Autographs, by Emily Winslow

I haven’t been counting the autographs. But I can tell you: out of 34 promotional activities scheduled for my month of release, I only have five left. Yes, I have so far done 29 promotional verbs of one kind or another: signed, read, talked, dropped-in, interviewed. I’ve been to bookstores and book club meetings and local TV stations. I have signed a fair number of books. This is what I’ve learned:

1) Don’t sign that first page right inside the cover.

At first that’s exactly where I signed. I wanted anyone picking up the book to SEE that it was signed without having to hunt for it. But, I have learned, a signed front page could have been “tipped in.” That means the author could have signed blank pages that were then bound into the book, instead of holding the finished book in hand while signing.

2) Do sign the page with both the title and author name.

Unless your title/author page has a really pretty picture on it, like mine does. Then, sign the facing page.

3) Everyone will ask if you have a special pen. I wracked my brain trying to imagine what a special “autograph pen” might be like. From those who cared, Sharpies seemed to be preferred, and they do sign nice, if a little thickly.

I haven’t yet been asked to sign anything bizarre, or spell a name in a confounding way. I think my best stories came from signing with Deb Sarah at the Union Station Barnes and Noble in DC.

I’d already done a few events, but this was the first one where I wasn’t doing a presentation to an audience. Instead, we were meant to snag passersby with smiles and chocolate and enticing plot descriptions. We got a few sweet, aspiring writers, who had lots of questions and, they explained, brand new DC jobs and no cash yet with which to buy books. We got one shy, almost obedient woman who was so instantly compliant to our suggestion that she buy our books that we accused the store manager of planting her there to raise our confidence.

My personal fave was the guy who agreed that he liked books, then agreed that he liked mysteries and crime, then agreed that he liked books set in England. I asked if he’d like me to sign one for him.

“Oh no!” he said. “I was just agreeing with everything you said!”

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Emily Winslow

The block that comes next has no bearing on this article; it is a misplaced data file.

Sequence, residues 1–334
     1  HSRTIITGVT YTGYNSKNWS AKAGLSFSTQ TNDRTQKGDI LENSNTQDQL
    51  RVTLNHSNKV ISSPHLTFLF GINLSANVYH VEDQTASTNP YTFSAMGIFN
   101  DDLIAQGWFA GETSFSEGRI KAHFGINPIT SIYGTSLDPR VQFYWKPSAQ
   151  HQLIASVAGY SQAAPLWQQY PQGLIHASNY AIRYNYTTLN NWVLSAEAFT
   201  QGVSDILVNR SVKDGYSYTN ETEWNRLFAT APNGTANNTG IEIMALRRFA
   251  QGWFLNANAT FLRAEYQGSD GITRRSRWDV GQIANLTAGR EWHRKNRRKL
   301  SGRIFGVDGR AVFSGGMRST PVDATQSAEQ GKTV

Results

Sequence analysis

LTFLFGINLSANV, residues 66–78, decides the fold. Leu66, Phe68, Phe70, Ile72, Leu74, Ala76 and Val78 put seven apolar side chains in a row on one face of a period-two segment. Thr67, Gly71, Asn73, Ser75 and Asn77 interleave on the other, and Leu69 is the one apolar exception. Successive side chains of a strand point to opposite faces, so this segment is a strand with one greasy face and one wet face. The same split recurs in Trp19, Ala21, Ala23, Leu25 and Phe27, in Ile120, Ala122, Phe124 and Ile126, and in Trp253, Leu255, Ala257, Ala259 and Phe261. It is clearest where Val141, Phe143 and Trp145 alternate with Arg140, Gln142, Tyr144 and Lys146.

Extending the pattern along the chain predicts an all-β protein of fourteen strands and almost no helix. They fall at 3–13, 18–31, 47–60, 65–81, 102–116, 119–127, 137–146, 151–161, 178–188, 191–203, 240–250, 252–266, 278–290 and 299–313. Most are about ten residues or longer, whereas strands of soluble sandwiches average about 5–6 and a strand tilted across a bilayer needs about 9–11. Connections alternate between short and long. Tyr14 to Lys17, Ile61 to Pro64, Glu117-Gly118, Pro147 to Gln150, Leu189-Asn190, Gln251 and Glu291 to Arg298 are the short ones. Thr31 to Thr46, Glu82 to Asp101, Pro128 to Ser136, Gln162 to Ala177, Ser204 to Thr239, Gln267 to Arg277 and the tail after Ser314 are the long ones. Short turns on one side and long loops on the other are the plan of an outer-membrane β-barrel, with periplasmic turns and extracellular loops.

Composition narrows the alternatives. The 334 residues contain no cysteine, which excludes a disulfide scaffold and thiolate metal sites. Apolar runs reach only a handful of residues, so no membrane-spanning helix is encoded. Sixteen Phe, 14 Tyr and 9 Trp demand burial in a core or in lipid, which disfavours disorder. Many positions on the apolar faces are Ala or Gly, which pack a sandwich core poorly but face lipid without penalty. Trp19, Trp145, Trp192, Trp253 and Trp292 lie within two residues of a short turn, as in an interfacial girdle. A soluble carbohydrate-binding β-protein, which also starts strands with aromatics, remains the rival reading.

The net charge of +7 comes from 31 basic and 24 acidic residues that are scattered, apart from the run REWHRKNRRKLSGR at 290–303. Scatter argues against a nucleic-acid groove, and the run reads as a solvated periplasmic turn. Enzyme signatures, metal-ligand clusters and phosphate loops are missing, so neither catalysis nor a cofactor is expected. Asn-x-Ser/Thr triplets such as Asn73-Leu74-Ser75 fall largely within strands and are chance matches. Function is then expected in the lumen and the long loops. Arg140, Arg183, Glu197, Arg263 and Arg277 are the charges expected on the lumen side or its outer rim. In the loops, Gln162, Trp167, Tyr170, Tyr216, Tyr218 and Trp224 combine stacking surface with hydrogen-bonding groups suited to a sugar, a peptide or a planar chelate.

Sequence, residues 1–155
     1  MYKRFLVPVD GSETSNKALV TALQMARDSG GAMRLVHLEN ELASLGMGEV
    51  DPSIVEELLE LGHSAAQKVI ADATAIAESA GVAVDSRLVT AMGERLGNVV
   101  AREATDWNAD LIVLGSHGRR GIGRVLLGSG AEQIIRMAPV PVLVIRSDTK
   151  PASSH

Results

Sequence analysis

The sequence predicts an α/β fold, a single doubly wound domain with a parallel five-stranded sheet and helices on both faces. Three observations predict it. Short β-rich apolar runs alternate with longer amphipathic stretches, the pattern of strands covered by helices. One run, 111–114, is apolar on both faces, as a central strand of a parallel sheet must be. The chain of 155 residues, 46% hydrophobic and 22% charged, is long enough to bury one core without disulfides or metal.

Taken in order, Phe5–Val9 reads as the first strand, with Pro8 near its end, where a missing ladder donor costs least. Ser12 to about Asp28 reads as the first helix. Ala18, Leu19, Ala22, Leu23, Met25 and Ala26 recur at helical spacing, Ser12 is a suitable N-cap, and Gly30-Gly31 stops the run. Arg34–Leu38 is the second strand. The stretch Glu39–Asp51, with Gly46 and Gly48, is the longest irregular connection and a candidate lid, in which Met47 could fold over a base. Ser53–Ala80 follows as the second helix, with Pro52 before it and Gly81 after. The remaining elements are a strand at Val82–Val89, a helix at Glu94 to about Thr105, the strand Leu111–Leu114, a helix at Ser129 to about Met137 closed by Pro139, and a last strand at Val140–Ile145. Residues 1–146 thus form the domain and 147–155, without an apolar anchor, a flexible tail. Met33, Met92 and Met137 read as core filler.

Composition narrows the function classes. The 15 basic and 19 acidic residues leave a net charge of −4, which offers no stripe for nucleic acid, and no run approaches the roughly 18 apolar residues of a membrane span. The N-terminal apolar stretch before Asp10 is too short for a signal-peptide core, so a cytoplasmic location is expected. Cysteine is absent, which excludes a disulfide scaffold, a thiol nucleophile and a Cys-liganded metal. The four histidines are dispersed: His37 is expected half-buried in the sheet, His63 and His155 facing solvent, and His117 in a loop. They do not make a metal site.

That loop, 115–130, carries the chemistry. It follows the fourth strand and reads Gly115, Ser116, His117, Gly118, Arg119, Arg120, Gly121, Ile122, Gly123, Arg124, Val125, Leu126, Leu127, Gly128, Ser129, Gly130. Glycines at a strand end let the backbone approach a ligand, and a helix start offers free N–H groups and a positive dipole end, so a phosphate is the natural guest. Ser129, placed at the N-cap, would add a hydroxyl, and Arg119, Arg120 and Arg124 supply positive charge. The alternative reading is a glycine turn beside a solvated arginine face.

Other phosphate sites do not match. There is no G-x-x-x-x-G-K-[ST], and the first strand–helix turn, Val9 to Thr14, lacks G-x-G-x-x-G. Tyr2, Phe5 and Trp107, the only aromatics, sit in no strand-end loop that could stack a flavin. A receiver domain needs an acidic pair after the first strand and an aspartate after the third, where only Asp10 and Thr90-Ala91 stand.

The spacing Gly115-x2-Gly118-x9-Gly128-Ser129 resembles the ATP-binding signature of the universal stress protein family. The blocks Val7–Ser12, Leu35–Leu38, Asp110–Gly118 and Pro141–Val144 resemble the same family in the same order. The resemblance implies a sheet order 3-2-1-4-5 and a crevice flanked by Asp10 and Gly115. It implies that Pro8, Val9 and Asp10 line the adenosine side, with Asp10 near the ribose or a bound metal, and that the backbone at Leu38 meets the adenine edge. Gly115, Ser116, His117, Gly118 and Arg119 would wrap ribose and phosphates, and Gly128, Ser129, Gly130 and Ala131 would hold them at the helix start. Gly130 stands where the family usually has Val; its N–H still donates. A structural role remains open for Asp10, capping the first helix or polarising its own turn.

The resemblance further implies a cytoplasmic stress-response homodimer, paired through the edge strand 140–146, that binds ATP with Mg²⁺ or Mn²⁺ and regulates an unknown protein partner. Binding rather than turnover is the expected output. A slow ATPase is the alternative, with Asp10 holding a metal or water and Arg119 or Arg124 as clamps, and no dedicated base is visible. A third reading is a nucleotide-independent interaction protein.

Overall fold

7 thoughts on “Autographs, by Emily Winslow

  1. That man must feel compelled to agree with beautiful, talented women! Bless his heart.

    My favorite recent signing experience was at an event where a certain someone — standing before two authors recently published by large, traditional publishing houses — proceeded to trash all currently published books as gutless commercial garbage and that only books by already-famous people become successes…

    The other author and I tried to convince him for a while with tales of sleeper hits (like THE HELP and WATER FOR ELEPHANTS) and eventually I just shrugged and wandered away… (happily it was not at my signing table so I was free to escape!)

    Funny thing is, he was smiling and genial the whole time. I suspect it didn’t occur to him that his comments would reflect on our work!

  2. Sharpie makes a great new pen. It’s really thin. I’m using them for all my signings because they don’t bleed through. Hope you’re having fun!

  3. Emily, that was such a funny and random night! And remember the girl who came up to me, all friendly, and chatted for a while before looking at my book and snapping, “This sounds like two books I just read!” and storming away? And the guy who came back for chocolate… and came back again… and again…. but didn’t buy a freaking book? But the manager was amazing and it was just so much fun to hang out and have that experience with you!Plus we did sell some books and got endcaps out of it!

  4. I’m with you all the way on the Sharpies. My new obsession, though, is Sharpie pens. Have you seen them? They have the authority of a Sharpie but are less chunky. xo

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